Yellow-eyed Babbler  Chrysomma sinense


  • Chrysomma : Greek word khrusos gold; omma eye.
  • Sinense : From China

Vernacular Names: Hindi: Bara-podna/pidda, Gotah, Gulab/Bulal-chashm, Sans: Pitta-nayan gupil, Pun: Pili akhi serhari, Guj: Bharati piliankhvalo laledo, Piliankh lelum, Mar: Pivlya dolyacha saatbhai, Chipka, Te: Yerra kali, Yerra kanti jitta, Mal: Manjakkanni chilappan, Sinh: Hambu-kurulla
They belong to the family of old world Babblers and also known as “Gulab Chashma” in North India

Distribution in India: Resident of most parts of India except in some parts of North east and North West

Description: Size of 18–23 cm; wt. of 20–24 g. It is a long-tailed babbler, brown above and creamy below, with short black bill having culmen ridge strongly decurved. The nominate race has crown, ear-coverts and upperparts and tail as rufous-brown, upperwing is brighter. The lores to above eye and extending to nares are white. The cheek, chin, throat and upper breast are white, becoming creamy buff on lower breast, belly and flanks and brownish-buff on lower belly and vent. The iris is yellow to orange-yellow, orbital skin is yellow to orange-yellow; bill is black; legs are deep orange-yellow or ochraceous yellow. Both the sexes are similar. The juvenile has darker eyes, brownish lores, less obvious eyering, creamier lower underparts, paler wings and shorter tail. The races differ mainly in plumage coloration, nominate (North East India in South of River Brahmaputra) being less white than others on breast and belly: hypoleucum ( Most of India except North East) is more sandy-brown with grey tone above, more rufescent on wings, only slightly buff-washed below; saturatius (North East India in North of River Brahmaputra) is darker brown with no rufous tones above, and slightly slaty-tinged brown on crown.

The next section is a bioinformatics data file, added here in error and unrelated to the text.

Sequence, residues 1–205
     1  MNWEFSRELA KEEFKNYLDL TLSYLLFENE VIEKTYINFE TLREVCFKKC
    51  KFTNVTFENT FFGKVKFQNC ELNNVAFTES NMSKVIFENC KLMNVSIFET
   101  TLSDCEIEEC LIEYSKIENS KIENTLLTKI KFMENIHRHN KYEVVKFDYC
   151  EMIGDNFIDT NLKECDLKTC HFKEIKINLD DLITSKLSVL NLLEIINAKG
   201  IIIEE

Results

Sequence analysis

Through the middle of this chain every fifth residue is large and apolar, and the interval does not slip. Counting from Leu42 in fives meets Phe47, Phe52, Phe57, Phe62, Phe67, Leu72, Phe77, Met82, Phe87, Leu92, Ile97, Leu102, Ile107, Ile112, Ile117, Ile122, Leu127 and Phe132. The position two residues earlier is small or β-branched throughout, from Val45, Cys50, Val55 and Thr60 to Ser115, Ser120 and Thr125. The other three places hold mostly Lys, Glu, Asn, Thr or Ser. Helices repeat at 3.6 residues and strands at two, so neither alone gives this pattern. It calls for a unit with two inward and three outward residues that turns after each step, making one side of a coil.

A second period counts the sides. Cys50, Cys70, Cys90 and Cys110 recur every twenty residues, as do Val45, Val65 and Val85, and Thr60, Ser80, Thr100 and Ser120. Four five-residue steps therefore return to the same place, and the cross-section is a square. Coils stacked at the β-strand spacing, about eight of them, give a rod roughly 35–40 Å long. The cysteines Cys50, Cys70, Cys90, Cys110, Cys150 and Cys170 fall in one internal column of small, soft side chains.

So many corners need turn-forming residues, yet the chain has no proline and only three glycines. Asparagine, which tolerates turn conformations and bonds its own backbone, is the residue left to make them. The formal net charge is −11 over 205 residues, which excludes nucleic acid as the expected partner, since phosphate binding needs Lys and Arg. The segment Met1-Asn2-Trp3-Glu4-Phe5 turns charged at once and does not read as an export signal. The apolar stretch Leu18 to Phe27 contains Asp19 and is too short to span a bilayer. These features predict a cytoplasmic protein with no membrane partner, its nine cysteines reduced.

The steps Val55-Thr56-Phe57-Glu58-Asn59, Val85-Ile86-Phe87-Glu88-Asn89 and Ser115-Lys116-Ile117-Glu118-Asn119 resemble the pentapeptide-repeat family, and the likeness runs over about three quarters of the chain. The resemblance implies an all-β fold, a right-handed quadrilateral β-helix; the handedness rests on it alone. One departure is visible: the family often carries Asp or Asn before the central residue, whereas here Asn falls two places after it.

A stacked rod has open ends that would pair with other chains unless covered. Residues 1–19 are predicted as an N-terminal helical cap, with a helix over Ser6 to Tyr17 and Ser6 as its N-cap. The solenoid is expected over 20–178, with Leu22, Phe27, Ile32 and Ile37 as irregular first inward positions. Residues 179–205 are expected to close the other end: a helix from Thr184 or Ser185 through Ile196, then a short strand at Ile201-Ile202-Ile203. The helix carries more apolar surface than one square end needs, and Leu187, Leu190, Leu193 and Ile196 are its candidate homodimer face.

Habitat:They are found in grassy or thorny scrub both in dry and wet regions as well as farmland. They are found mainly on the plains but can be found in the lower hills up to 4000 feet.

Food Habits: They are usually seen in small groups of five to fifteen, especially in the non-breeding season .They feed mainly on insects but take berries as well as nectar.

Breeding Habits: They breed in July-September. The colour of the inside of the mouth is said to turn from orange-brown to black during the breeding season. They appear to nest cooperatively. The nest is a deep cone made with grass and lined with fine fiber. The nest is wedged between upright stems, the vertical stems being incorporated into the wall of the nest. The outside of the nest is well covered in cobwebs. The usual clutch is 3-5 eggs. Both parents take part in incubation and feeding the young. The eggs hatch after about 15–16 days and the young birds fledge after about 2 weeks. To detract the predators from reaching the nest, the adult birds will feign injure or act dead.
Birds roost communally in the center of a bush, all facing in the same direction and sitting side by side. Members of a group will preen each other (Allopreening)